Adoption from Haiti
Andrea Poe is a veteran journalist, whose work has appeared...
NEW YORK — Ten years ago if you’d asked Craig Juntunen to give up the high life for a scrappy game of softball at the local softball field with a bunch of kids, he’d have laughed.
A confirmed non-parent nearing fifty, he and his wife Kathi were living the good life. They’d retired young, made millions on the sale of his business, had homes in Scottsdale and the Colorado Rockies, traveled the world, played golf on the best courses virtually every day and had absolute freedom to do just what they wanted when they wanted, completely unencumbered by jobs or children.
The lucrative sale of his successful business specializing in human capital for high tech firm handed him, in his own words, “a lottery ticket.” High tech in the 1990s was the place to be and Juntunen was at the epicenter. “Totally a case of right time, right place,” he says. Juntunen cashed out, thrilled that he reached his goal to retire by 40. After a decade of early retirement, Juntunen knew something was missing. But what?
Children were not high on Juneten’s priority list. In fact, Juneten got a vasectomy when he was 30 years old and was adamant –and upfront—about his desire to remain childfree. “I had zero interest in becoming a father,” he says. “I wasn’t just someone who kind of didn’t want kids. I was the kind of person who pounded my fist on a desk, swearing I’d never become a father. I always said it was a shame that Kathi married me because she’d have been a good mother, but it was something she accepted as part of our life together.”
All that changed one fateful day on a golf course, when a friend, who had grown children began speaking passionately about the children he’d recently adopted from Haiti. The more he spoke, the more interested Juntunen became. “I was intrigued by his passion, the way he cared,” recalls Juntunen. “I thought about that and realized that had been lacking in my life. I wanted to become as passionate as he was about something.”
Then, of course, there was the complicated story of Haiti, the dire conditions, the poverty, children living in subpar orphanages, in desperate need of homes that compelled Juntunen to action. That afternoon he told his wife that he was going to make a trip to Haiti to see firsthand what the conditions for children were like and to see if there wasn’t something he could do to make difference.
And just like that, Juntunen boarded a plane for Haiti. Once there he began working with an orphanage introduced to him by his friend. Assessing the conditions of the orphanage and needs of the children was his goal. As he was working on this, he met a little girl named Esperancia (Espie). Their connection was instant. “I can’t explain it at all, other than to say she instantly captured my heart. I called and told my wife that we were about to become parents,” he says.
Kathi scrambled to complete the paperwork in the United States, including the home study, a long and protracted screening process that provides necessary clearing for parents. Meanwhile, Juntunen worked in Haiti, trying to improve conditions for orphans. It wasn’t long before he then met Amelec. Since he and Espie were about a year apart, Juntunen thought they might like having one another as siblings. “I called Kathi and she agreed. We’d be parents to a boy and girl. But we were both adamant about the fact that because of our age (both were hovering around 50 years old at the time), we couldn’t and wouldn’t take on an infant,” he says.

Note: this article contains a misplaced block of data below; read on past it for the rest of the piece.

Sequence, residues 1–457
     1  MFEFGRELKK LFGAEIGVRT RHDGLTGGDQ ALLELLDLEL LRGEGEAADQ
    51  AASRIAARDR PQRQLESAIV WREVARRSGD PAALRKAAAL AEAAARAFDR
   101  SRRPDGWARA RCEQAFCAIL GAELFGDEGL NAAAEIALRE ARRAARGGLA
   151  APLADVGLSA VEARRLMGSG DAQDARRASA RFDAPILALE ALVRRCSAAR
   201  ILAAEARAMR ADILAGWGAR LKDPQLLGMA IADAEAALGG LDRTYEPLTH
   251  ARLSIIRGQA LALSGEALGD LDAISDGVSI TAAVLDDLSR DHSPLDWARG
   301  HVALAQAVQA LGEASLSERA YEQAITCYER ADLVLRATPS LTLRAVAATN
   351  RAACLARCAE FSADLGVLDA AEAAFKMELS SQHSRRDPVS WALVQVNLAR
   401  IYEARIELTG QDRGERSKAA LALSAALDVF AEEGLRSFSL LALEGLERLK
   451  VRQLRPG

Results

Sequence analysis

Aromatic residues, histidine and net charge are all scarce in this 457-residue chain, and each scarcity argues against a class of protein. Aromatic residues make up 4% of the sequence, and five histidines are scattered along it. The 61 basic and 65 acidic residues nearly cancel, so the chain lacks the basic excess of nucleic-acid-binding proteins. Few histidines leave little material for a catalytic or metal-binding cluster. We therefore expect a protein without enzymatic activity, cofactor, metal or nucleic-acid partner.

That resolve lasted all of several days before Juntunen, during a visit to an extremely poor orphanage met a baby boy, who’d been abandoned on the street. Since the orphanage where he was brought had no formula, Juntunen, explains, “They were letting nature takes its course. He was dying of starvation.”
Juntunen quickly arranged for the baby to be brought to the orphanage where he originated his work, which was better equipped to take care of a baby. He also vowed to help step up support of the orphanage.
While transporting the baby from one orphanage to another, something happened. “He was lying in my lap in the car and I looked in his eyes and I just knew this kid was a fighter. He was scrawny, malnourished, weak, but I could see something,” Juntunen relates. The orphanage began calling this baby “Little Craig,” but within hours, Juntunen had renamed him Quinn. He was back on the phone with his wife, telling her, they would soon also be the proud parents of a baby boy named Quinn.
Juntunen returned to the States while waiting for all the paperwork on the children to process, and he and Kathi flew down periodically during those months to visit their children and lend more support to the orphanage. It was during this time that Juntunen decided he would do something more. He started Chances for Children, an organization that works with orphanages in Haiti on getting resources.
This article is the copyrighted property of the writer and Communities @ WashingtonTimes.com. Written permission must be obtained before reprint in online or print media. REPRINTING TWTC CONTENT WITHOUT PERMISSION AND/OR PAYMENT IS THEFT AND PUNISHABLE BY LAW.
sign up for
You May Also Like
- 1 hour, 50 minutes Ago